I liked the food at Shabestan (Intercontinental hotel)
    and the automatic restaurant had an amazing array of buffet laid out, which for a buffet was not bad.

    ps: do bear in mind that all the prices mentioned will have changed quite a bit by now.

    1. i just found your post, hope i'm not to late.
      i worked in dubai for a couple years. to answer your question about the burj...yes it is a trap. you pay way to much for what you get and the service is not up to the 6 stars they bost. a better bet for fine dinning is (i think it's called) verre. it's in the hilton creek hotel, it's owned by gordon ramsey and it's much better than any of the burj restaurants and for a lot less.
      it also depends on where you're staying. if you're in the jumeira area, try the royal mirage resort. they have an nice asian/fusion restaurant( singaporean chef), an indian fusion restaurant( really talented australian chef. or if you want something more intimate, they have a "small hotel" within the hotel with seating for up to 20 and daily set menus. also a good beach bar and a great night club.
      if youre by the trade centre neer emirates towers, another great option is spectrum on one within the fairmont hotel. baesd on a concept from a restaurant in singapore, it bosts 8 working kitchens, all open and all featuring different types of food'i.e. japanese, european, arabic ect. they also have private dinning rooms available and an extesive wine and liquer list.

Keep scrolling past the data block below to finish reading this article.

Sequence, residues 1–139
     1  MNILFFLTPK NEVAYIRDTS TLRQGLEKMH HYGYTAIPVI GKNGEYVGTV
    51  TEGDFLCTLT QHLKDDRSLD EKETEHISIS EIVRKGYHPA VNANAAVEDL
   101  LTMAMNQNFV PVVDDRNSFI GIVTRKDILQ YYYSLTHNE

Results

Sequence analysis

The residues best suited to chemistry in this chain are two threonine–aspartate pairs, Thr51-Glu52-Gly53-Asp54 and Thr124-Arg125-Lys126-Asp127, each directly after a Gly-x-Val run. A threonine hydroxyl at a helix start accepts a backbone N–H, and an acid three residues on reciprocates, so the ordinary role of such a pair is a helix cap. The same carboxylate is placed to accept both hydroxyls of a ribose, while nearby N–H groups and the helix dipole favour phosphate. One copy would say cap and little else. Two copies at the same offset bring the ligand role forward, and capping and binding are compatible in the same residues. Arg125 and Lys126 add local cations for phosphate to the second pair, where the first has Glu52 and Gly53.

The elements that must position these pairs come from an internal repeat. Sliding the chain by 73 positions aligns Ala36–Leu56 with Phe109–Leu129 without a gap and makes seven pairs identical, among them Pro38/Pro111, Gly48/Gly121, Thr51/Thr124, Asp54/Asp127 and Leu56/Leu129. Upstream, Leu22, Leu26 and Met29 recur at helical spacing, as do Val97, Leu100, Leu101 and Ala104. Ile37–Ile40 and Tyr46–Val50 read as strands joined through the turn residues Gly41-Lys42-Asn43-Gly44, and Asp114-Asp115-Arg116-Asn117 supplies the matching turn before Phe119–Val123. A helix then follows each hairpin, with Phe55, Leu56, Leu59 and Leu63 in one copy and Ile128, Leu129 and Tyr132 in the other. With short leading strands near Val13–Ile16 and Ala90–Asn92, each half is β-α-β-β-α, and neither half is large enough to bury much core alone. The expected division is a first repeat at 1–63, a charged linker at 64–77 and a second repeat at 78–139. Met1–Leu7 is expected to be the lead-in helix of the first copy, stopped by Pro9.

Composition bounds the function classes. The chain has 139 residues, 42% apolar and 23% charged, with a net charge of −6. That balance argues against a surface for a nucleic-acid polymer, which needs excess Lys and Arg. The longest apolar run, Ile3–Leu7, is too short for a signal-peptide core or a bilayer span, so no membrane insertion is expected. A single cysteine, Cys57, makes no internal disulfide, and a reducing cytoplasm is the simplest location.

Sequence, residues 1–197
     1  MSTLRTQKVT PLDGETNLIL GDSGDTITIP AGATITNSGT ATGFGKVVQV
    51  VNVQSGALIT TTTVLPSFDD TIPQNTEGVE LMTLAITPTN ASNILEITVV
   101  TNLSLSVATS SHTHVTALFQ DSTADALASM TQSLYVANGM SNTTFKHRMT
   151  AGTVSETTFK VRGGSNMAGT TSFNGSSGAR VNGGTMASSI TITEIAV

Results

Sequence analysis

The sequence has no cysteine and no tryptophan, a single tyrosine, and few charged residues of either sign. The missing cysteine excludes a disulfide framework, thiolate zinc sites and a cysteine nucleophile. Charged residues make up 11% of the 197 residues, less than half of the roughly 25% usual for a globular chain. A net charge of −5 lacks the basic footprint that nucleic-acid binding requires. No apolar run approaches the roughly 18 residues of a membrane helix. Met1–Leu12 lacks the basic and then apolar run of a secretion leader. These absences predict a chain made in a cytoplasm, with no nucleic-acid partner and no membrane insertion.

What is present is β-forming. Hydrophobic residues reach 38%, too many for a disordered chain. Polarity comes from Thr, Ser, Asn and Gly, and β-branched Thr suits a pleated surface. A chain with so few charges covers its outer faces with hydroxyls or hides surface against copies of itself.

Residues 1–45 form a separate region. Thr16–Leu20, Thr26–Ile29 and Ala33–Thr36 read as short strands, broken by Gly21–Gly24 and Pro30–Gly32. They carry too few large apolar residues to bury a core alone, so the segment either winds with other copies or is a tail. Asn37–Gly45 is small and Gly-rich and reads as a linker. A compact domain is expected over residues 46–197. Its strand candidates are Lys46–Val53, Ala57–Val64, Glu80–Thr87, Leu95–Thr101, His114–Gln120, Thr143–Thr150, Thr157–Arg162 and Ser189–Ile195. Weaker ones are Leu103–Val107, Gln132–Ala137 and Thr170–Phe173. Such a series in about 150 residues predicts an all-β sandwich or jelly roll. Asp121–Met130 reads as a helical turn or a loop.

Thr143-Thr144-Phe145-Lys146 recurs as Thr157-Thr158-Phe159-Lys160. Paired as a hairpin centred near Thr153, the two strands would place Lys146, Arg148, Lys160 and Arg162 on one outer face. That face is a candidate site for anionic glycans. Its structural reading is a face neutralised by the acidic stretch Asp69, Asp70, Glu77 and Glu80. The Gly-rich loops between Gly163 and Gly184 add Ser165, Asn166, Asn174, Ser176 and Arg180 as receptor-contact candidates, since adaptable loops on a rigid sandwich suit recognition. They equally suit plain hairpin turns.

if you have any questions, feel free to e-mail me at chefwest@hotmail.com

      1. Amin, I was the one who posted the information on Dubai quoted above. I hope it was useful!

        1 Reply
        1. re: halfmanhalfbeer

          I will be going with my family to Dubai next month. Which are the best places to eat at with kids. we are a large group (7 adults and 4 kids). Is Bab Al Shams worth going to? One of us is a vegetarian.

          I have been to Dubai before and really liked this restaurant called Arroz Damascus. Great lebanese food. Also liked the brunch at the Madinat but we will not be spending a Friday in Dubai this time. We are staying at the Raffles. Will definitely try Asha at the Wafi City as that is attached to the hotel.
          Any other recommendations? I heard Sindhudurg has opened a branch in Bur Dubai. Any one eaten there yet?

          1. Yess..i completely agree with Anchag.. http://www.citymyway.com/dubai-best-d... is really awesome. one of my friend had also told me about this site. its tried and tested by me.